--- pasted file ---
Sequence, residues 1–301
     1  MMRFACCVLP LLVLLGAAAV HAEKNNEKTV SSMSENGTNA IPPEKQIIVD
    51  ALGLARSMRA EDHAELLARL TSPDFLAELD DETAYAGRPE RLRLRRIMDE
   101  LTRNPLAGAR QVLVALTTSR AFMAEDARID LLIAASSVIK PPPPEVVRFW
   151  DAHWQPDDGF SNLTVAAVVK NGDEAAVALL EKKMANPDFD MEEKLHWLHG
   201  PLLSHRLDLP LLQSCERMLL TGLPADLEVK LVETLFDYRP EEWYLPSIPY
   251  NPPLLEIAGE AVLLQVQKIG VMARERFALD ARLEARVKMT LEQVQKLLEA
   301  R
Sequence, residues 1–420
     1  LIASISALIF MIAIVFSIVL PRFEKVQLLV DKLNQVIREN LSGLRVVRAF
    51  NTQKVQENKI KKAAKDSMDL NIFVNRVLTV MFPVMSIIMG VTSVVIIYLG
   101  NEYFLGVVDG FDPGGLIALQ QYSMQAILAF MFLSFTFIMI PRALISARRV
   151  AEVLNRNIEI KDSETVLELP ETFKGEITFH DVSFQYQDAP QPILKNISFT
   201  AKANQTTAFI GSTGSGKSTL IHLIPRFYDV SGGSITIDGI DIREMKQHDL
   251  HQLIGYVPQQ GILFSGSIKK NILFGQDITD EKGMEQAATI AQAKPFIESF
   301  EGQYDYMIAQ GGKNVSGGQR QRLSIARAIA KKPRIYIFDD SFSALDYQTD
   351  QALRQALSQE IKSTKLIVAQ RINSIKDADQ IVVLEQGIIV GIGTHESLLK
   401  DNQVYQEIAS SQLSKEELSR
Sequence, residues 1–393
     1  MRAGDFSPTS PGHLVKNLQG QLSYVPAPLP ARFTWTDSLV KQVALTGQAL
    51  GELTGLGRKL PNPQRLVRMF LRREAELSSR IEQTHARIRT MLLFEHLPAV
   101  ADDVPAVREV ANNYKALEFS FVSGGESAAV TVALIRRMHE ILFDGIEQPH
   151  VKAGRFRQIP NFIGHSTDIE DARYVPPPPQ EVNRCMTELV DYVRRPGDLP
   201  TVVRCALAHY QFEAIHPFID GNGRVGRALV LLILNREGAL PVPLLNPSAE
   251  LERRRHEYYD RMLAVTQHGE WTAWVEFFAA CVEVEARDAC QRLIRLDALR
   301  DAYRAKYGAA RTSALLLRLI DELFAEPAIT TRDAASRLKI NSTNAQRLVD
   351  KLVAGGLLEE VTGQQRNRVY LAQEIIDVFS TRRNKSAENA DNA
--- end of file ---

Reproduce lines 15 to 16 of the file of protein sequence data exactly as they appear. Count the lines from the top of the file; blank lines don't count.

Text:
   251  HQLIGYVPQQ GILFSGSIKK NILFGQDITD EKGMEQAATI AQAKPFIESF
   301  EGQYDYMIAQ GGKNVSGGQR QRLSIARAIA KKPRIYIFDD SFSALDYQTD